Are there agri-food products, let’s say more “virtuous” than others, today?

Both the cheese making sector – think products such as Parmigiano Reggiano, Grana Padano, Asiago – and the charcuterie sector, from San Daniele to Parma ham, all are working well. For some time now, these productions have begun to mark the differences of production area, supply chain and aging driven by strong and qualifying designations of origin. What is missing is the approach to the market, which is usually delegated to the Consortium, without the will to affirm corporate brands, like for wine. Of course the work of cooperatives covers a piece of the road, but it cannot travel the last mile.

The milling sector of processing grains into flour and pasta has also done a lot: here the rediscovery of ancient varieties and a strong link with quality dining has brought attention to differentiating aspects. Consider that today many would no longer buy refined flours without questioning the alternatives available.

Looking ahead: from what agri-food product can we expect great news in the near future?

I would bet on the colonial sector: chocolate and coffee which at first were undoubtedly pure commodities. Here the great work of traceability of the supply chain that is being carried out must be emphasized, which leads for example to the phenomenon of single origin. The result is that in big cities a growing number of micro-roasters and places where you can taste different types of coffee are being born. Of course we are still in the year zero: at the moment there is no habit of asking at the coffee bar counter for the type of coffee desired, the blend, the roast, the extraction. But if we think about it, it’s the same thing that happened with wine 50 years ago, when we were simply asking for a white or a red.

Among the products that have been growing the most in recent years, there’s beer. Think of the many micro-breweries born throughout the national territory…

The sector has certainly made many steps forward, despite the fact that in Italy we are not big beer drinkers. This is probably the sector that most of all is taking its cue from the world of wine. But it’s curious that a fundamental element is missing, which is legislation, so much so that there are many examples of fakes linked to the territory, where territoriality is only in the name. A phenomenon that in wine would be risking serious legal consequences.

So far, however, we have assumed that wine is the example to follow. Yet, there is an element that must be taken into account: except for special cases mentioned above (beer, coffee, chocolate) and unlike wine, food products are basic necessities and not commodities…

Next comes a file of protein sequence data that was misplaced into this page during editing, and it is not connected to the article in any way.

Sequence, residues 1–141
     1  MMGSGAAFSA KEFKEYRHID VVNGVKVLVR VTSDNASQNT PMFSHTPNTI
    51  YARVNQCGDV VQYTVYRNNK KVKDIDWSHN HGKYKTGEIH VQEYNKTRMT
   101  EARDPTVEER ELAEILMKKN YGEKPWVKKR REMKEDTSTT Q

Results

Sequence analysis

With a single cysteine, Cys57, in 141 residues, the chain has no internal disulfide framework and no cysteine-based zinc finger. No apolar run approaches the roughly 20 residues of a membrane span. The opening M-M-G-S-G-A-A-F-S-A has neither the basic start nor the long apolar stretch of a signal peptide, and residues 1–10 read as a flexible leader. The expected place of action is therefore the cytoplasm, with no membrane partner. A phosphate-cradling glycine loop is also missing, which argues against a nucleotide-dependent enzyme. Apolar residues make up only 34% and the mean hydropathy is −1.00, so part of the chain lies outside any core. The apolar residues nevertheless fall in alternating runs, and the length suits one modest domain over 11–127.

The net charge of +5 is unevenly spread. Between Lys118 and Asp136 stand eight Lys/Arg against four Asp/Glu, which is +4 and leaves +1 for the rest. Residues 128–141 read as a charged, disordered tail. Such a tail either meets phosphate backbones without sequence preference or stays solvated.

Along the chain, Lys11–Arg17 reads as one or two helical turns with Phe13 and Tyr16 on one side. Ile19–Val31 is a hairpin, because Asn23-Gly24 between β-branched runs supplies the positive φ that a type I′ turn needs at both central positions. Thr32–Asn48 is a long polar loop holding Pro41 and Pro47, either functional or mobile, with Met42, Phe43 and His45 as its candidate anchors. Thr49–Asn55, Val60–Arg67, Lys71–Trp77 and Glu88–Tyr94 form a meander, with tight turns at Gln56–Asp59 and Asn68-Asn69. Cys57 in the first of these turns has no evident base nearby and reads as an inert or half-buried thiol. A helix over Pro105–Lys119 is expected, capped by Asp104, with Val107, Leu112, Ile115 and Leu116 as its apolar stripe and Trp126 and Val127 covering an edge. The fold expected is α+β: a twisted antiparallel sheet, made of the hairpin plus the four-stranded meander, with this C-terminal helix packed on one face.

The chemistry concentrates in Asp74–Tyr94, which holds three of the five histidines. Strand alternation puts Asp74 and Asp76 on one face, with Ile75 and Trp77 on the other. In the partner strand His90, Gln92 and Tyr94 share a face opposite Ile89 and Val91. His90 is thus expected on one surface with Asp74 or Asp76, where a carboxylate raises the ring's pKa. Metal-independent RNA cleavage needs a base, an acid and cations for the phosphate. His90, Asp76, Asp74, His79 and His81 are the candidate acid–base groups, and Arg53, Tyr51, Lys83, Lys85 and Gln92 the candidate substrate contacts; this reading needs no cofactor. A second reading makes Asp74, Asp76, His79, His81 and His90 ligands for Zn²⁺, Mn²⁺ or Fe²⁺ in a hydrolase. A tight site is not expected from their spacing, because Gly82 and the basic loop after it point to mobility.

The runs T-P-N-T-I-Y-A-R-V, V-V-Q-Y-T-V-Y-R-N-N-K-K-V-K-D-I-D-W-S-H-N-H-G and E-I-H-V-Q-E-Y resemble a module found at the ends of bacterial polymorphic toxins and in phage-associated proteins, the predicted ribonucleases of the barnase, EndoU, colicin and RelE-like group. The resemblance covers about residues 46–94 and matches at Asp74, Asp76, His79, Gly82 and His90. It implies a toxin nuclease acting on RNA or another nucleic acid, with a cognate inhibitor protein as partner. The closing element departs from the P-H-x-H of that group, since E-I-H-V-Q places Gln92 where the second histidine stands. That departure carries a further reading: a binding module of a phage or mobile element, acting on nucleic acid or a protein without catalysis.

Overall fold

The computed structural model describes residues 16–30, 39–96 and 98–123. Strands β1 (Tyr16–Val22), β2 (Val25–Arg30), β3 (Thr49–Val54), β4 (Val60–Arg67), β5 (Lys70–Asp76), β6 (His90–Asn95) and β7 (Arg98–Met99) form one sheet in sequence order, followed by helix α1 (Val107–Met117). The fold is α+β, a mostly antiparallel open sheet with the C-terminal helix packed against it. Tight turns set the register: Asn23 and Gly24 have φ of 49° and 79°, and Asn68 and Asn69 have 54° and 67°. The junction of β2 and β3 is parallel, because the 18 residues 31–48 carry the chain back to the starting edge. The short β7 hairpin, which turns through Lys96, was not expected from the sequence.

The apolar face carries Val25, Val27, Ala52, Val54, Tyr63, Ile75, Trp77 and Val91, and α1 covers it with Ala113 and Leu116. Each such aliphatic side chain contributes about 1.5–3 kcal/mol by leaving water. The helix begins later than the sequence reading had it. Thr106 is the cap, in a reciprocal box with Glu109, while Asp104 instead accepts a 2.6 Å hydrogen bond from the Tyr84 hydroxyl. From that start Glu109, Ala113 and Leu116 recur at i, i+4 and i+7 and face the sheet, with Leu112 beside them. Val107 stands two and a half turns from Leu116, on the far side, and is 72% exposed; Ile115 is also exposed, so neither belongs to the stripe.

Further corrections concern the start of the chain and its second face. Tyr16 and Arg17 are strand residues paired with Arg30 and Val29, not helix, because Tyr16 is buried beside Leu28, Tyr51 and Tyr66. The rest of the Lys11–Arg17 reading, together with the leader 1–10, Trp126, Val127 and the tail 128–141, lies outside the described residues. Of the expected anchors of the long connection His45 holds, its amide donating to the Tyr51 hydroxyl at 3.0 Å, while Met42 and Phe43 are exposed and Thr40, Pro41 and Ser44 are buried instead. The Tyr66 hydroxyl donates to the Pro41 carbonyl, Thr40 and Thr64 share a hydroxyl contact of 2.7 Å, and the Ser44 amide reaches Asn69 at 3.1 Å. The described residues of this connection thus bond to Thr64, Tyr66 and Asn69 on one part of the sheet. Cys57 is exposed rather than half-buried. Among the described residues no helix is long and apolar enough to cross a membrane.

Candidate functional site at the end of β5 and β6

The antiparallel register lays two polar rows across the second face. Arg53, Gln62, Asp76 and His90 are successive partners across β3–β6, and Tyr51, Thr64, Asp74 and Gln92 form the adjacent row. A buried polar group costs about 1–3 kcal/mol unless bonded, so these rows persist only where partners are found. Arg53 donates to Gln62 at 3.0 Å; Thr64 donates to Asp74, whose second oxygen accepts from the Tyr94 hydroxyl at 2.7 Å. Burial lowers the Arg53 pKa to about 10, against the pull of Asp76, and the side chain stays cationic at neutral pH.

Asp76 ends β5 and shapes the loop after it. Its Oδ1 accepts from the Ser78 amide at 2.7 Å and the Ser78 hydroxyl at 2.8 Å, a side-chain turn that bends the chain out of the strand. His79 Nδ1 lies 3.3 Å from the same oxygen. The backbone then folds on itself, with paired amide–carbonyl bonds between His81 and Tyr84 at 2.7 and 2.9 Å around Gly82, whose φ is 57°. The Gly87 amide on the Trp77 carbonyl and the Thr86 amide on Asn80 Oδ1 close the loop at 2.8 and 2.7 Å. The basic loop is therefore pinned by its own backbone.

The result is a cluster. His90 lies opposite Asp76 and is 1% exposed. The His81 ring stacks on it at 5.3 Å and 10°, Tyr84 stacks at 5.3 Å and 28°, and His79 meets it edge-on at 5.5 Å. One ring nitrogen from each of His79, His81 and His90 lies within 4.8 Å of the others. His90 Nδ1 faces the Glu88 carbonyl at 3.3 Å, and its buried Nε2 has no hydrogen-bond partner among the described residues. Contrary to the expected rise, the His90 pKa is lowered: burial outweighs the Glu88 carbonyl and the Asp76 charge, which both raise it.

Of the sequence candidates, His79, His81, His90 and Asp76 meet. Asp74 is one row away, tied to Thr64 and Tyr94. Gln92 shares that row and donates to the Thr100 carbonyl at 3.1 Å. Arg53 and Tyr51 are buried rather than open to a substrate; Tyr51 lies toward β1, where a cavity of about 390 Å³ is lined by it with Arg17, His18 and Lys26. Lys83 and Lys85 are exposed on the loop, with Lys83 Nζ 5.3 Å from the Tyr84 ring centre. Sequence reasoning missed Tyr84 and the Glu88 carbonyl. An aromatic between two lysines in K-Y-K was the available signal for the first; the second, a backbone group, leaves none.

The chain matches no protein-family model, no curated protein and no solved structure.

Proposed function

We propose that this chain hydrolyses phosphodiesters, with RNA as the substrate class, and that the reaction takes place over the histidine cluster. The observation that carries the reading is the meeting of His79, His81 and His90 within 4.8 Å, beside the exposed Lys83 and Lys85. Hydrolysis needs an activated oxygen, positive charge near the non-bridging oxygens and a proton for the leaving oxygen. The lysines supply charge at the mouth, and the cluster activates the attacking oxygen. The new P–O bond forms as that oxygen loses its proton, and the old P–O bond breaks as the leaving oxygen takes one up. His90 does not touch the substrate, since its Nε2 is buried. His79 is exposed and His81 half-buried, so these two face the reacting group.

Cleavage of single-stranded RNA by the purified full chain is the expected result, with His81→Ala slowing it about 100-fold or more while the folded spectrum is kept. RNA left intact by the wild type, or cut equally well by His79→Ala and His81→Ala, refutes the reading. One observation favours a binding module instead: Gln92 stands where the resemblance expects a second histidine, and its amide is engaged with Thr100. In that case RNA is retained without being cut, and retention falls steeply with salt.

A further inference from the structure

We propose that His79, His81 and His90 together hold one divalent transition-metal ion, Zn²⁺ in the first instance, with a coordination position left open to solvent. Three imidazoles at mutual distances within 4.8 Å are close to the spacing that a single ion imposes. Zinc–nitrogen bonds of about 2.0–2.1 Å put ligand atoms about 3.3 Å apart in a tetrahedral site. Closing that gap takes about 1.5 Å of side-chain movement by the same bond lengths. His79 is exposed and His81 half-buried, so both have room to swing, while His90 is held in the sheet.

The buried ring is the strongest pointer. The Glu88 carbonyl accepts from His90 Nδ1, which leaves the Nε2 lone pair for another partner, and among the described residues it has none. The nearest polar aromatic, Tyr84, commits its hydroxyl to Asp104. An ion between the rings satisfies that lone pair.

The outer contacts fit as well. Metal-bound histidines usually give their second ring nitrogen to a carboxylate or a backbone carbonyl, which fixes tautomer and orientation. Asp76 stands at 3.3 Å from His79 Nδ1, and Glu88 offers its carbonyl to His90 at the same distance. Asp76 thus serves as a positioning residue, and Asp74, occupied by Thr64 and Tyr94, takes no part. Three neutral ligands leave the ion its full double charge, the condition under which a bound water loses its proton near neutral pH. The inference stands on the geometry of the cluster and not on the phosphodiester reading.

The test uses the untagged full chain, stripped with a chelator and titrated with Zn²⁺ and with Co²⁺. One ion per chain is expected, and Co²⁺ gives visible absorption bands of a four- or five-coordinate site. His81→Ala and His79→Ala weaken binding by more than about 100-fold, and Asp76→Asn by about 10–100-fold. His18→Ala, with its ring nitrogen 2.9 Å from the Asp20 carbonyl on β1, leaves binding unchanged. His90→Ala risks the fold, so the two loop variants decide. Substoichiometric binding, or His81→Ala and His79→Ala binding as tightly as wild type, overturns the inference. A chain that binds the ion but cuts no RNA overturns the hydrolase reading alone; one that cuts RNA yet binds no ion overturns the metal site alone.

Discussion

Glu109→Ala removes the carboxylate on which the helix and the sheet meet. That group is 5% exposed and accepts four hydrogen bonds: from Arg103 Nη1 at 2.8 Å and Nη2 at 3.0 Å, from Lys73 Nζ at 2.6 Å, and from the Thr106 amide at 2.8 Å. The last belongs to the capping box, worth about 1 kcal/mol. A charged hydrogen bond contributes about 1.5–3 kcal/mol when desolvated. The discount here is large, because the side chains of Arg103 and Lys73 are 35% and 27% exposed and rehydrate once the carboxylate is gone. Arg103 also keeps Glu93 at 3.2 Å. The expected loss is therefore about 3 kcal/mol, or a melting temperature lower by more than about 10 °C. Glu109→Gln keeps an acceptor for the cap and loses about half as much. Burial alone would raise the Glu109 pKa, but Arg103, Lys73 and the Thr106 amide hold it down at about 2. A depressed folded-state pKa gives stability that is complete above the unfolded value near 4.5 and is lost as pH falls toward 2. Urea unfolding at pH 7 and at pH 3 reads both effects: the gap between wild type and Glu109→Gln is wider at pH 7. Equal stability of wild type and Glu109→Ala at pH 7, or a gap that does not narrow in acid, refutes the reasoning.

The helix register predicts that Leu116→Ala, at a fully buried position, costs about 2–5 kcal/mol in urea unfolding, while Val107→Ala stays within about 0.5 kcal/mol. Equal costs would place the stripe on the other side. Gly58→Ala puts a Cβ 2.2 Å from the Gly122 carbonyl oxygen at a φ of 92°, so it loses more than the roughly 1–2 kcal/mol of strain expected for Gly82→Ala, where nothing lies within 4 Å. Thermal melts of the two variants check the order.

It was true in the past: for a million and a half years people ate for physiological need, according to Maslow’s pyramid, but little by little we went from food consumption to a hedonistic consumption, which then turned into a cultural expression. Now, however, things are changing again. We live in a world of great overproduction and competition. Furthermore, the more time passes, the more our caloric needs will progressively decrease, as we will move increasingly less and the heavy work will be more performed by machines and artificial intelligence.

So will we eat less and less?

One thing is certain: our bodies will need less food. And this will lead us in the near future to another type of consumption, which I would define nutritional, opening the frontier to two polarized groups: on the one hand the so-called disinterested, on the other the fetishists. The former will increasingly give up cooked foods and resort to supplements (the so-called nutraceuticals).

Fetishists (to which I belong) will develop an almost fanatical and exclusive admiration for the food product or the producer. They will be much more demanding in regards to traceability throughout the supply chain, they will want to know everything about what they eat, since they will eat much less of it. In this future world, the new gurus will be the farmers (up until now it’s been the chefs) and food will no longer be a necessity, but will in effect be a luxury item. Like wine is today. With the difference that the latter has already overcome the challenge, while food still has a lot to say.

by Loredana Sottile